How much exercise is enough?
Posted July 2, 2008
Updated July 3, 2008
Durham, N.C. — To dramatically cut the risk of life threatening illness like heart disease, diabetes or cancer, the best results are not measured in sweat, but in miles.
Duke Cardiologist Dr. Bill Kraus was part of a federal panel of experts reviewing all available research on the health benefits of physical activity. Kraus said “not being physically active is of substantial detriment to people’s health.”
While the new Food Pyramid recommends at least 30 minutes a day for most days of the week for adults and an hour each day for children, Kraus says the best research doesn't point to any one type of exercise – as long as it's equivalent to 9 to 10 miles per week.
“It doesn't matter how you do it and in fact probably the preferable way for most people is just walking,” Kraus said.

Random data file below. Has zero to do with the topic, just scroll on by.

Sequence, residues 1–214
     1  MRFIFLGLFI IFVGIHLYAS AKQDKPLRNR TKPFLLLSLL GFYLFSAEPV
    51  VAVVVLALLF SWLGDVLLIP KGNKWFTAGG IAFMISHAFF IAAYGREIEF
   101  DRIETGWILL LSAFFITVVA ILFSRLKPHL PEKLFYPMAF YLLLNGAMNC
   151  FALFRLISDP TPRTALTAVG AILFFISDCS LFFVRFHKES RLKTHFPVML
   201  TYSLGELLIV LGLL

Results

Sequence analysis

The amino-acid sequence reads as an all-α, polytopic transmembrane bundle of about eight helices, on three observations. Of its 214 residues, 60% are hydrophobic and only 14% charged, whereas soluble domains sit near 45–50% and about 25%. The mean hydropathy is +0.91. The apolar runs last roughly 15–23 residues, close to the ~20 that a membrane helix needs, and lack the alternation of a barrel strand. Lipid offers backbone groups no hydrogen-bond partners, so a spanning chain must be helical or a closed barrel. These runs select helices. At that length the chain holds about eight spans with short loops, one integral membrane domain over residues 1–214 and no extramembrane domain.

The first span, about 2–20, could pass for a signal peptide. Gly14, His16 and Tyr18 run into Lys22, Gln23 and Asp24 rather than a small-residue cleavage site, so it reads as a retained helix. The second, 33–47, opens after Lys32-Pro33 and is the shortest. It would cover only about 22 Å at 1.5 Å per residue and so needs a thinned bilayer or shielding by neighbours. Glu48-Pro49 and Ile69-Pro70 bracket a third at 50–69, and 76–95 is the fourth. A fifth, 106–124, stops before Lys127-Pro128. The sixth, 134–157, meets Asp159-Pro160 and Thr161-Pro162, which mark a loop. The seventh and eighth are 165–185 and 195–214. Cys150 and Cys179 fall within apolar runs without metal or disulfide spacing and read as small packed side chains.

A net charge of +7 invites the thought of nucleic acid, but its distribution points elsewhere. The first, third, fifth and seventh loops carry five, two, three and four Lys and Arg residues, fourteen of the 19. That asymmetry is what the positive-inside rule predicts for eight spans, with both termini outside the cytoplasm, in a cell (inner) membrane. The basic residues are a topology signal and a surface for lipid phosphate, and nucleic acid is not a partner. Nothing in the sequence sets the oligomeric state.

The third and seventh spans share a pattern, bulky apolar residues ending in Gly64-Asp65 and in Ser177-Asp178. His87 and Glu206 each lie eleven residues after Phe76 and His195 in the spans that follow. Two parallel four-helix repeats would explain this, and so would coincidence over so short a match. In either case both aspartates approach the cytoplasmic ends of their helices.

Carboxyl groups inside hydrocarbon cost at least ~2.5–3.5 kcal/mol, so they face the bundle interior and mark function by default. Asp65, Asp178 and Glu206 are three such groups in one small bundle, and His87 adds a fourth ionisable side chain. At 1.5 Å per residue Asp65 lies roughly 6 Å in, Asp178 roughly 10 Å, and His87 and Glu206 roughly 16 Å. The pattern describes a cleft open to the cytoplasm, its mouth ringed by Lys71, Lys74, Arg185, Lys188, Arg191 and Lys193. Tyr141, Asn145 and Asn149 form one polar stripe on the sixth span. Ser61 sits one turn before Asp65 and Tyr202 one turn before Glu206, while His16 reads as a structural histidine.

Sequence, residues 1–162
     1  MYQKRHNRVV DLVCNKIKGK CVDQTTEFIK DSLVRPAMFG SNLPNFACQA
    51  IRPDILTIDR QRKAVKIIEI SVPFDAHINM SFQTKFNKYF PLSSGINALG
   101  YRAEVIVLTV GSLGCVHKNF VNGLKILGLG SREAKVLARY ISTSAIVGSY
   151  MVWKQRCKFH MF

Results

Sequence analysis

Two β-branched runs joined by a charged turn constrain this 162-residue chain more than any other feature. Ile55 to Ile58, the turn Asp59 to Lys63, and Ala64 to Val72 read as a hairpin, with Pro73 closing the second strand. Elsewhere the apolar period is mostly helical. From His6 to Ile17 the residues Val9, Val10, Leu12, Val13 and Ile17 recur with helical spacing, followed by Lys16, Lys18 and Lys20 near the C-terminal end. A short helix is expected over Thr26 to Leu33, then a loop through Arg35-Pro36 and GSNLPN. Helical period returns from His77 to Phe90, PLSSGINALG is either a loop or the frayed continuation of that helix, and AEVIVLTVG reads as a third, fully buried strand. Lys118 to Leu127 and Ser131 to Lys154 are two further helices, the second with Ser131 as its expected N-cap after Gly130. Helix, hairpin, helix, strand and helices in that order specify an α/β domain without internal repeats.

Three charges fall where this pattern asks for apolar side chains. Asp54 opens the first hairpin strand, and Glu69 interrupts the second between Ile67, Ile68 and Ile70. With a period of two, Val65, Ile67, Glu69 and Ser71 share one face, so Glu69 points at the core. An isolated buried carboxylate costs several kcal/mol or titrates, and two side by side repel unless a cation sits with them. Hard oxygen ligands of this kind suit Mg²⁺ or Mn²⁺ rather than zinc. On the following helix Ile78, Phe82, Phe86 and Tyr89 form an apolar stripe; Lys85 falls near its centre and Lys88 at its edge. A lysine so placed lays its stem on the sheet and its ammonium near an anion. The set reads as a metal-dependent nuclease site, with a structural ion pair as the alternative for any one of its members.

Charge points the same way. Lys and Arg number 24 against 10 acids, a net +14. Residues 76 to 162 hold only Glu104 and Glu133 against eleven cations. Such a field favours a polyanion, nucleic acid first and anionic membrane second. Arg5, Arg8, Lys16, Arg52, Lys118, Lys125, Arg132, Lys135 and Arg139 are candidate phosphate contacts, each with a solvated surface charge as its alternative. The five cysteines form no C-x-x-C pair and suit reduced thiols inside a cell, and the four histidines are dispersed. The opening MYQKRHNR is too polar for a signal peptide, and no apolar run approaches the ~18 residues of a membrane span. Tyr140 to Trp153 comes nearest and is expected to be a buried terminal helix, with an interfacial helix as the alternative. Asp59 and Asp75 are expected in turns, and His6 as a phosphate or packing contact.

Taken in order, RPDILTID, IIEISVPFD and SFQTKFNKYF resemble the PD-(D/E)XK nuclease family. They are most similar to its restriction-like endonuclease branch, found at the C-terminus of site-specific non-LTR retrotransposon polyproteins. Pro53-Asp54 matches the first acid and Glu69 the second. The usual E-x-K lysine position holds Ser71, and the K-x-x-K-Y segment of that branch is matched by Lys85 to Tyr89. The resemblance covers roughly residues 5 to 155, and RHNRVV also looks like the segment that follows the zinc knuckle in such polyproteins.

Lora Grinstead, 79, is doing more walking at Duke's Center for Living. Her husband, Elbert, with heart failure, is spending more time on a stationary bike.
Grinstead said she and her husband stay active in ways are sometimes difficult to break down in miles.
“Well I do housework and in summertime, if the garden produces – I do canning – and we go to the lake and we swim,” she said.
More detailed federal guidelines, including final recommendations, will be released later this year, but Kraus said the research doesn't lead to any conclusions about how intensely you should exercise or the daily dosage of exercise.
Kraus said the most sensible approach is walking a few miles most days of the week to reach or pass the 9 to 10 mile weekly goal.